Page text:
Almost one in three students expelled from Victorian government schools in the first year of the pandemic had a disability, up from one in seven the year before.

Shadow Minister for Education David Hodgett said the disrupted learning and social isolation had not been matched with proper resourcing to make sure all children were supported.

“Snap lockdowns enforced by the state Labor Government are still affecting young people’s wellbeing, but school expulsion as a result of pandemic pressures risks destroying a kid’s future,” Mr Hodgett said.

“The Victorian Government is actively ignoring warnings from education experts that this is just the “tip of the iceberg” and that they “expect it to be worse this year” by not providing appropriate levels of training and support for teachers and staff that will keep all students in the classroom.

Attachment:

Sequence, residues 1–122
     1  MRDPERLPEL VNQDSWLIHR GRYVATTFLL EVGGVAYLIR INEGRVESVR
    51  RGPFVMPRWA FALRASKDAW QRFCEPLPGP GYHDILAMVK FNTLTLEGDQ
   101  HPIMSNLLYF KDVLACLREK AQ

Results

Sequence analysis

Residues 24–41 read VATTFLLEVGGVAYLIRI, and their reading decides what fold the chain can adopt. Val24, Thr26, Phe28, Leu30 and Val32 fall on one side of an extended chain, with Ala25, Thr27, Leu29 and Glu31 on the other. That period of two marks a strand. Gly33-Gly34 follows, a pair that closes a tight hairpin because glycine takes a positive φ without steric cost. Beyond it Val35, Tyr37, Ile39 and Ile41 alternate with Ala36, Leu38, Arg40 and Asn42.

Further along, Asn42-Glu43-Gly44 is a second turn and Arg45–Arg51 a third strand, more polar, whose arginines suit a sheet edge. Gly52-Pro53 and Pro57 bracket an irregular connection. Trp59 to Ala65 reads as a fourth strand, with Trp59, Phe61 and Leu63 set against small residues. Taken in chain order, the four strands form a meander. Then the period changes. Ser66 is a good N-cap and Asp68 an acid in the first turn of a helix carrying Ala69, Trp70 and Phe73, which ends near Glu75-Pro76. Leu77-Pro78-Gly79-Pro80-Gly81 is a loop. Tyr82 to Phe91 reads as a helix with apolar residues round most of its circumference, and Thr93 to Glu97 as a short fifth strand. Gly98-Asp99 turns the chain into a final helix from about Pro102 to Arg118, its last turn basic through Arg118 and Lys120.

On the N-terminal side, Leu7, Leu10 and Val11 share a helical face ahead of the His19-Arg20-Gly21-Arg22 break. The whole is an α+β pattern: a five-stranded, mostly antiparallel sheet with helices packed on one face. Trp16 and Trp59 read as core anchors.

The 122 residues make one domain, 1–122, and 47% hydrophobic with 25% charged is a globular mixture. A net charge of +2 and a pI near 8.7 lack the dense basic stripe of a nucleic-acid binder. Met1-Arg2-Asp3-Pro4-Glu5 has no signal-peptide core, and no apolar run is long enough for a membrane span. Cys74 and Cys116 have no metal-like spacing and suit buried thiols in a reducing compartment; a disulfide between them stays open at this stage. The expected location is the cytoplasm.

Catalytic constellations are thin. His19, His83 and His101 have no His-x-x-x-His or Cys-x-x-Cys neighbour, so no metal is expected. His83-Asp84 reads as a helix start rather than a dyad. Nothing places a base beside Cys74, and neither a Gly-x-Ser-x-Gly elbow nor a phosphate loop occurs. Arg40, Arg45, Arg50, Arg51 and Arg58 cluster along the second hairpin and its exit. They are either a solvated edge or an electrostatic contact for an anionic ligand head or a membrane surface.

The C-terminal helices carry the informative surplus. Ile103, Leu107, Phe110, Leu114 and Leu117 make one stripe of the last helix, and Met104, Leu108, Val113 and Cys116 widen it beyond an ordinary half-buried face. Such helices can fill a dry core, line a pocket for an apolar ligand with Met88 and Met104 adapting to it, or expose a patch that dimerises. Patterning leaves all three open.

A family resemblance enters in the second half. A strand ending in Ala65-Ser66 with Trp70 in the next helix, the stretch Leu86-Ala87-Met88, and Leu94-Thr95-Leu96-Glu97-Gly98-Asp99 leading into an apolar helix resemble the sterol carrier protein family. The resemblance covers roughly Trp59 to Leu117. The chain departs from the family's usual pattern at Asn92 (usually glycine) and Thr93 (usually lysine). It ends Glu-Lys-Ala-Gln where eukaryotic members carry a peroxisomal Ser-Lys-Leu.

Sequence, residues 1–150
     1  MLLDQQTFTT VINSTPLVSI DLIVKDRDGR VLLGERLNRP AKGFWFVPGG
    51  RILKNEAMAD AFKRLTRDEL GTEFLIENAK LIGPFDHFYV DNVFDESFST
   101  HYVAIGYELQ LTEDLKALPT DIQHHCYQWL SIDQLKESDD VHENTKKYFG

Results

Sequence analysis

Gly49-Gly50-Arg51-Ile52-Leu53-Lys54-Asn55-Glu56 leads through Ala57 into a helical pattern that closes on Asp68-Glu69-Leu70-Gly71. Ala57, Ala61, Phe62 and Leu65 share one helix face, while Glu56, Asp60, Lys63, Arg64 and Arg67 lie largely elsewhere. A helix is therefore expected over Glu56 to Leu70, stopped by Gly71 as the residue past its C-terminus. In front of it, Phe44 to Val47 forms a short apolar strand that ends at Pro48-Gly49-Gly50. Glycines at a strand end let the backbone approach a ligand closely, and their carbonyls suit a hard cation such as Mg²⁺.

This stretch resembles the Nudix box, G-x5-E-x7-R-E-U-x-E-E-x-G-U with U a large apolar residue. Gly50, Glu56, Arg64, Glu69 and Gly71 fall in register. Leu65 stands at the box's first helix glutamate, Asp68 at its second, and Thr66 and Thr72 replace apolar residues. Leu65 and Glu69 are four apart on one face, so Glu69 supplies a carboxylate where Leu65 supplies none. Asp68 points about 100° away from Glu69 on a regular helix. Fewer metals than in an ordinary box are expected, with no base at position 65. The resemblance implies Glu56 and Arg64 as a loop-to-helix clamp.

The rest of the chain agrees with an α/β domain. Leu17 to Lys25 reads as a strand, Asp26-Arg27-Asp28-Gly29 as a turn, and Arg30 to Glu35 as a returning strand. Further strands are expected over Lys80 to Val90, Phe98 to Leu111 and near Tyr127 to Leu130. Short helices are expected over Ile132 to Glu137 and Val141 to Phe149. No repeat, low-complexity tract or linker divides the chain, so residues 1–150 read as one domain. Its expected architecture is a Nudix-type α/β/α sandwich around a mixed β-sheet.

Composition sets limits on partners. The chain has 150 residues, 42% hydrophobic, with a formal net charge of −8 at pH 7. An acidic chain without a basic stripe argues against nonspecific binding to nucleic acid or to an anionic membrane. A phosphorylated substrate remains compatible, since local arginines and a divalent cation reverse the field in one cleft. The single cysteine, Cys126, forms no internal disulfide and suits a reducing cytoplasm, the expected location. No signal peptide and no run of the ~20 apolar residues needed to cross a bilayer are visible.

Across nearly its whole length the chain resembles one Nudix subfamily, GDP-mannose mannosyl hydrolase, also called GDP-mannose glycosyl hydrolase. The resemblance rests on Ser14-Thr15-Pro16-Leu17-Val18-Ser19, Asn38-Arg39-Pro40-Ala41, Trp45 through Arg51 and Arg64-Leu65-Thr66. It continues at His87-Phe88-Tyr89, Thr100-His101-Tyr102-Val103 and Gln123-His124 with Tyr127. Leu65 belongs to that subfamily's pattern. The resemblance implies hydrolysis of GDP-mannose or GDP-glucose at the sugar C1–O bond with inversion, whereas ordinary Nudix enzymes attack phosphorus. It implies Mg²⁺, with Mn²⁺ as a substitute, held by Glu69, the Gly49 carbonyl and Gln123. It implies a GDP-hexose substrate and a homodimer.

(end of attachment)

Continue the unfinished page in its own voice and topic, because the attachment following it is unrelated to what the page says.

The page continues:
“Victorian families want a guarantee of no more lockdowns and that our schools will safely stay open, but we’re yet to get it from the Labor Government.”

According to school principals and education advocates, the disruptions caused by the pandemic have heightened anxiety and difficult behaviours among students with a disability who could no longer work to a daily routine.

Holiday road safety tips

RACV has provided safety tips for Victorians about to embark on their first holiday period free of COVID-19 restrictions since 2019.

With thousands of families heading away on road trips to tourist hot spots or many taking the opportunity to relax at home, RACV safety spokesperson Elvira Lazar and RACV general manager home Darren Turner have provided some timely advice.